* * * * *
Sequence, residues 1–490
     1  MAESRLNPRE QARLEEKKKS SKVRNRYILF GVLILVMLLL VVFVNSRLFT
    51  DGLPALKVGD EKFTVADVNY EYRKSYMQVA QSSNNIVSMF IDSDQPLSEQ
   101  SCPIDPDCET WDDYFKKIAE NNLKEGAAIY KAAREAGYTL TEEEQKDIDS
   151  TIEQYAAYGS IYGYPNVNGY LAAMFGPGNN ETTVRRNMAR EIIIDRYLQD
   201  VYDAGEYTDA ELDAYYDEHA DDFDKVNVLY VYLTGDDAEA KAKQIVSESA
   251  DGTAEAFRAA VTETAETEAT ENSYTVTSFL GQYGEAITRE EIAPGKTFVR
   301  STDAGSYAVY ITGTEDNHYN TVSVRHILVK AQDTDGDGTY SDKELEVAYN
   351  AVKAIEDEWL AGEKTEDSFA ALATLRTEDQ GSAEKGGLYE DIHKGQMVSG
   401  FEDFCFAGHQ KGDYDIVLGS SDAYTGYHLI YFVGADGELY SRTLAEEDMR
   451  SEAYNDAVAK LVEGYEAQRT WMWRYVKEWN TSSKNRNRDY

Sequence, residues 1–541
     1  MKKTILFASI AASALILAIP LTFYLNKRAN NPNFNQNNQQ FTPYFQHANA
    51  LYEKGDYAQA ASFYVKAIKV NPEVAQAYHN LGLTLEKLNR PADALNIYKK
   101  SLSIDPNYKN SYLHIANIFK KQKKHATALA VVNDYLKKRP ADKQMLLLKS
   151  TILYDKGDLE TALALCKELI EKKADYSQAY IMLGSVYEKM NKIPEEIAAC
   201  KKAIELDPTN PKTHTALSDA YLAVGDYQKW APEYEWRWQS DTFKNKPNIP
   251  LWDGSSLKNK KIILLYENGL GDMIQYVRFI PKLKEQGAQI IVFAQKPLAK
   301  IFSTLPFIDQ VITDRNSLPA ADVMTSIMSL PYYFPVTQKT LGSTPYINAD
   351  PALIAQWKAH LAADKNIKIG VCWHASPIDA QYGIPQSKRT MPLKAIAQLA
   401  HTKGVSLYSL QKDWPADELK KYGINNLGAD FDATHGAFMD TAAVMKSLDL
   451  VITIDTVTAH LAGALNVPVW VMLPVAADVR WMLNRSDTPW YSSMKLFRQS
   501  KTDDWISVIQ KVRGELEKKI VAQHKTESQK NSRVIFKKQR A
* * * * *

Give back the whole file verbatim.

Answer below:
Sequence, residues 1–490
     1  MAESRLNPRE QARLEEKKKS SKVRNRYILF GVLILVMLLL VVFVNSRLFT
    51  DGLPALKVGD EKFTVADVNY EYRKSYMQVA QSSNNIVSMF IDSDQPLSEQ
   101  SCPIDPDCET WDDYFKKIAE NNLKEGAAIY KAAREAGYTL TEEEQKDIDS
   151  TIEQYAAYGS IYGYPNVNGY LAAMFGPGNN ETTVRRNMAR EIIIDRYLQD
   201  VYDAGEYTDA ELDAYYDEHA DDFDKVNVLY VYLTGDDAEA KAKQIVSESA
   251  DGTAEAFRAA VTETAETEAT ENSYTVTSFL GQYGEAITRE EIAPGKTFVR
   301  STDAGSYAVY ITGTEDNHYN TVSVRHILVK AQDTDGDGTY SDKELEVAYN
   351  AVKAIEDEWL AGEKTEDSFA ALATLRTEDQ GSAEKGGLYE DIHKGQMVSG
   401  FEDFCFAGHQ KGDYDIVLGS SDAYTGYHLI YFVGADGELY SRTLAEEDMR
   451  SEAYNDAVAK LVEGYEAQRT WMWRYVKEWN TSSKNRNRDY

Sequence, residues 1–541
     1  MKKTILFASI AASALILAIP LTFYLNKRAN NPNFNQNNQQ FTPYFQHANA
    51  LYEKGDYAQA ASFYVKAIKV NPEVAQAYHN LGLTLEKLNR PADALNIYKK
   101  SLSIDPNYKN SYLHIANIFK KQKKHATALA VVNDYLKKRP ADKQMLLLKS
   151  TILYDKGDLE TALALCKELI EKKADYSQAY IMLGSVYEKM NKIPEEIAAC
   201  KKAIELDPTN PKTHTALSDA YLAVGDYQKW APEYEWRWQS DTFKNKPNIP
   251  LWDGSSLKNK KIILLYENGL GDMIQYVRFI PKLKEQGAQI IVFAQKPLAK
   301  IFSTLPFIDQ VITDRNSLPA ADVMTSIMSL PYYFPVTQKT LGSTPYINAD
   351  PALIAQWKAH LAADKNIKIG VCWHASPIDA QYGIPQSKRT MPLKAIAQLA
   401  HTKGVSLYSL QKDWPADELK KYGINNLGAD FDATHGAFMD TAAVMKSLDL
   451  VITIDTVTAH LAGALNVPVW VMLPVAADVR WMLNRSDTPW YSSMKLFRQS
   501  KTDDWISVIQ KVRGELEKKI VAQHKTESQK NSRVIFKKQR A